10. How long have these symptoms persisted (must be more than one month)?
  11. Do these symptoms cause clinically significant distress or impairment in social, occupational, or other important areas of functioning?
  12. Are these symptoms attributable to the physiological effects of a substance or another medical condition?

PTSD Symptoms

  1. Do you experience symptoms such as depressed mood, anxiety, suspiciousness, panic attacks, chronic sleep impairment, memory loss, or impaired judgment?
  2. How often do you experience these symptoms and how severe are they?

Behavioral Observations

  1. How do you typically behave in social settings and during daily activities?

Other Symptoms

  1. Are there any other symptoms you experience that are not listed above?


  1. Are you capable of managing your financial affairs? If not, why?

Additional Remarks

  1. Is there anything else you would like to share that might be relevant to your PTSD diagnosis and its impact on your life?

Understanding Occupational and Social Impairment Levels for a PTSD VA Rating

During a C&P exam for PTSD the level of occupational and social impairment is a crucial factor.

Note: The examiner is required to document your PTSD symptoms and then determine how those symptoms negatively affect your occupational and social impairment.

Here are the categories of impairment, ordered from no rating to 100%:

No Mental Disorder Diagnosis (no rating)

  • Meaning: The veteran has no diagnosed mental health condition.
  • Implication for VA Rating: No rating is assigned as there is no mental health diagnosis impacting occupational or social functioning.

A Mental Condition Has Been Formally Diagnosed, but Symptoms Are Not Severe Enough to Interfere with Occupational and Social Functioning or to Require Continuous Medication (0%)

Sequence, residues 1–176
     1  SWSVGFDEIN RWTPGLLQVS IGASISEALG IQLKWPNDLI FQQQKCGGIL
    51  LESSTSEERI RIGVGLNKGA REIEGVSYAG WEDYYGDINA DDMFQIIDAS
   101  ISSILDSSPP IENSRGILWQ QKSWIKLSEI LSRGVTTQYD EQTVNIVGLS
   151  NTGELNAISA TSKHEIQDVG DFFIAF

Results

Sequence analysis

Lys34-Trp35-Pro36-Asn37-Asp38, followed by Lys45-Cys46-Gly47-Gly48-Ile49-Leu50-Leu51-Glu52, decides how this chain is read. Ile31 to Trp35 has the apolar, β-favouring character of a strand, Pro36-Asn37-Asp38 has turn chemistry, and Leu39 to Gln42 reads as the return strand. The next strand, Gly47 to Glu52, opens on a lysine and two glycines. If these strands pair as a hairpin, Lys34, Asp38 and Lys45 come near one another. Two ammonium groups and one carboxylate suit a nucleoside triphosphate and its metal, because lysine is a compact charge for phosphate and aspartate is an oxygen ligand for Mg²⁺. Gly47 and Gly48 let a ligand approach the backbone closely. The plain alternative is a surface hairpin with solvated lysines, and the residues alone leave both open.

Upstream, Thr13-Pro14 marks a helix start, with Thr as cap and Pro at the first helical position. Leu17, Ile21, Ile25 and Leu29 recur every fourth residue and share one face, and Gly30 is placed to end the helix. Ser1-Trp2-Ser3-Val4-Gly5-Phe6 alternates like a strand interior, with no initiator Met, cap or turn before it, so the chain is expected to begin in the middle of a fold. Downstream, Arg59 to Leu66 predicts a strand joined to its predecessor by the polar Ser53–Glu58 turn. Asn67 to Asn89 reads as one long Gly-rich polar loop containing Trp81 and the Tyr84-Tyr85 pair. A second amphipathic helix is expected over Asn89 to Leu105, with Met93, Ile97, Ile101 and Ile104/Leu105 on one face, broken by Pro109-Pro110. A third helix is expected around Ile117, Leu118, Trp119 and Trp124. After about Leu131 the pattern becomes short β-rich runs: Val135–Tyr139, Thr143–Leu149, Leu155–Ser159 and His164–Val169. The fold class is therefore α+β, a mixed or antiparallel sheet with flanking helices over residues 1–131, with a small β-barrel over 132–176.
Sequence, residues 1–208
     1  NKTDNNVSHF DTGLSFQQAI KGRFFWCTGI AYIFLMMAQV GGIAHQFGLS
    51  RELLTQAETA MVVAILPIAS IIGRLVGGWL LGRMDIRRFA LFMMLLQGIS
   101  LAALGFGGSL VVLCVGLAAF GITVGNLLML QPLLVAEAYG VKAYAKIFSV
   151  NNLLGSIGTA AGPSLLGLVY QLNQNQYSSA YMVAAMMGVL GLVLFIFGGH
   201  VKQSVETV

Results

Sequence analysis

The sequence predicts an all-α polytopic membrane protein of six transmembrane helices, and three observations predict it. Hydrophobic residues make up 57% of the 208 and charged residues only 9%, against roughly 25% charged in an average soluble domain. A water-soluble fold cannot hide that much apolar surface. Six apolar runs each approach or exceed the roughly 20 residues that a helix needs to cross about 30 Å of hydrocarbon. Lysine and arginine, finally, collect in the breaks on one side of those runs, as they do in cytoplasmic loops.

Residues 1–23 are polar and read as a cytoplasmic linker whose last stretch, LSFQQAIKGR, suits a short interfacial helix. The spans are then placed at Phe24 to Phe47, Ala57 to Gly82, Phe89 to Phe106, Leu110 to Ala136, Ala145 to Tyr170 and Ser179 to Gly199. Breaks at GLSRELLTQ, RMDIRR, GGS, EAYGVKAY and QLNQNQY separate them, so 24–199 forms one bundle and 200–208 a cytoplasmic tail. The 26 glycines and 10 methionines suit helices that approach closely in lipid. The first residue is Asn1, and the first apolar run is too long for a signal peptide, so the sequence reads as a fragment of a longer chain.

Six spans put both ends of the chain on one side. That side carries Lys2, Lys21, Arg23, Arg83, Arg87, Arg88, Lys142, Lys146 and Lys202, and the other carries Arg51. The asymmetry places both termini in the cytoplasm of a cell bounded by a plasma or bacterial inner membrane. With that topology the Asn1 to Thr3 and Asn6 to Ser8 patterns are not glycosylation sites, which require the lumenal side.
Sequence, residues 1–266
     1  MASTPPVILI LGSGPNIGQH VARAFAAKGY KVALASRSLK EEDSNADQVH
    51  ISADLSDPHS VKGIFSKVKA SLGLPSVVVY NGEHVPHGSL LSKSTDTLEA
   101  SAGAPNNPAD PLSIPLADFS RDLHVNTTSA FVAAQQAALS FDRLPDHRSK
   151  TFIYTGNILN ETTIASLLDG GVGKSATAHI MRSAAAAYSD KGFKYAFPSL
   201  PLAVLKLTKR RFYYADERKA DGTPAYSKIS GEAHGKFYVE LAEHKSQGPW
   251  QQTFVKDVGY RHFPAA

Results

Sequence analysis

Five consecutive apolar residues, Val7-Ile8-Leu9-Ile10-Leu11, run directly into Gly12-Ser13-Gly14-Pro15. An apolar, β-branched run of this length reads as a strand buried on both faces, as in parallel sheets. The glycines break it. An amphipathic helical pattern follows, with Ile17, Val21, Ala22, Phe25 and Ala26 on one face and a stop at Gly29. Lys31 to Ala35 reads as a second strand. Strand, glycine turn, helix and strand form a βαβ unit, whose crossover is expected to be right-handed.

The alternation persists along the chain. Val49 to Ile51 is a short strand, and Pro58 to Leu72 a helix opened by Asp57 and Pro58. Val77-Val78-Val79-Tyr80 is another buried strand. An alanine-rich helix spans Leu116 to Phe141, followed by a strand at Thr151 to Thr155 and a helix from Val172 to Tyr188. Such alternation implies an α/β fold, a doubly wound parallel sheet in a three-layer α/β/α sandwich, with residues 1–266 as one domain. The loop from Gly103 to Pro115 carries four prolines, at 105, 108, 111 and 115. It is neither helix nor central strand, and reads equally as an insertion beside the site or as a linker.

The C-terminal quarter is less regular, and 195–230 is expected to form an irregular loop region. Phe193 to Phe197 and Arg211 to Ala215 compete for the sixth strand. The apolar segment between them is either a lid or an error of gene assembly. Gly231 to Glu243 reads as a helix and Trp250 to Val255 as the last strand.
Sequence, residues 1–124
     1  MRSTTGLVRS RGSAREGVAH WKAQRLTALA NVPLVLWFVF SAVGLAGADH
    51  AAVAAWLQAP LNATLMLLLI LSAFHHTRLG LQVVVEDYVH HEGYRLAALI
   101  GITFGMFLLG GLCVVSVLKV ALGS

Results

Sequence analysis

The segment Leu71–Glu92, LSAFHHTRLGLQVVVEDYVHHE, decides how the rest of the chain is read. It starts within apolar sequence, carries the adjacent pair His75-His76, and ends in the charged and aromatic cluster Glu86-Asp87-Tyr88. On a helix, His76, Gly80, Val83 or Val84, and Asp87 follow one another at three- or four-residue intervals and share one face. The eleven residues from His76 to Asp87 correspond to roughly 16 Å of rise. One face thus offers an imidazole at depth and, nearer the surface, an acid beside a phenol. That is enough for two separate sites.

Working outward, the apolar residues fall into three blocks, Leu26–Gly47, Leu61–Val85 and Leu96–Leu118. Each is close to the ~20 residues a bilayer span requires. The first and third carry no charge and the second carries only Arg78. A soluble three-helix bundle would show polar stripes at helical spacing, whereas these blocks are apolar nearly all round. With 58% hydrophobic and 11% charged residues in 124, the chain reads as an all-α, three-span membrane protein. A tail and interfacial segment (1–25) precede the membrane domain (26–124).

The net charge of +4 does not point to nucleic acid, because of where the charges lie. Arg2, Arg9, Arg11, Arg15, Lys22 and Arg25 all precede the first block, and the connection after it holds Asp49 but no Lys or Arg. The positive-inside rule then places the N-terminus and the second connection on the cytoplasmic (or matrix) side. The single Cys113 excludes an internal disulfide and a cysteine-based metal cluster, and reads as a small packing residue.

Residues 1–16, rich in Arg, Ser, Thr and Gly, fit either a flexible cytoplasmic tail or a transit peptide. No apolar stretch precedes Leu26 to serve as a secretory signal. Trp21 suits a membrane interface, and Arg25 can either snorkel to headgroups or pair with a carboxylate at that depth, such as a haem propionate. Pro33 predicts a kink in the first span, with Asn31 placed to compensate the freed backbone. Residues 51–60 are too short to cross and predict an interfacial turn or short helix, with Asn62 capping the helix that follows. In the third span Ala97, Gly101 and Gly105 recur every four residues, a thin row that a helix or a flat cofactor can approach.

• Meaning: The veteran has a diagnosed mental condition, but the symptoms do not impact their ability to work or socialize and do not require ongoing medication.
  • Example: The veteran might have occasional symptoms that are easily managed without significant interference in daily life.
  • Implication for VA Rating: This corresponds to a 0% disability rating, meaning the veteran is recognized as having a condition but it does not warrant compensation.

Occupational and Social Impairment Due to Mild or Transient Symptoms (10%)

  • Meaning: The veteran’s symptoms are mild or transient and only decrease work efficiency and ability to perform occupational tasks during periods of significant stress. Symptoms are controlled by medication.
  • Example: The veteran can perform well at work and socially most of the time but may experience temporary setbacks during stressful periods.
  • Implication for VA Rating: This corresponds to a 10% disability rating.

Occupational and Social Impairment with Occasional Decrease in Work Efficiency and Intermittent Periods of Inability to Perform Occupational Tasks (30%)

  • Meaning: The veteran generally functions satisfactorily but has occasional decreases in work efficiency and intermittent inability to perform tasks due to PTSD symptoms.
  • Example: The veteran may generally handle routine tasks well but struggle during periods of significant stress.
  • Implication for VA Rating: This level of impairment corresponds to a 30% disability rating.

Occupational and Social Impairment with Reduced Reliability and Productivity (50%)

  • Meaning: The veteran experiences significant, but less severe, impairments that reduce reliability and productivity in work and social situations.
  • Example: The veteran may have frequent panic attacks, memory problems, or mood swings that interfere with work and social interactions.
  • Implication for VA Rating: This corresponds to a 50% disability rating.

Occupational and Social Impairment with Deficiencies in Most Areas (70%)

  • Meaning: The veteran has significant impairments in several major areas such as work, school, family relationships, judgment, thinking, or mood.
  • Example: The veteran may have difficulty maintaining a job, severe relationship problems, poor judgment, and frequent emotional disturbances.
  • Implication for VA Rating: This level of impairment usually corresponds to a 70% disability rating.

Total Occupational and Social Impairment (100%)

  • Meaning: The veteran is completely unable to function in a work or social environment due to their PTSD symptoms.
  • Example: The veteran cannot maintain employment, has no social relationships, and requires significant assistance with daily living.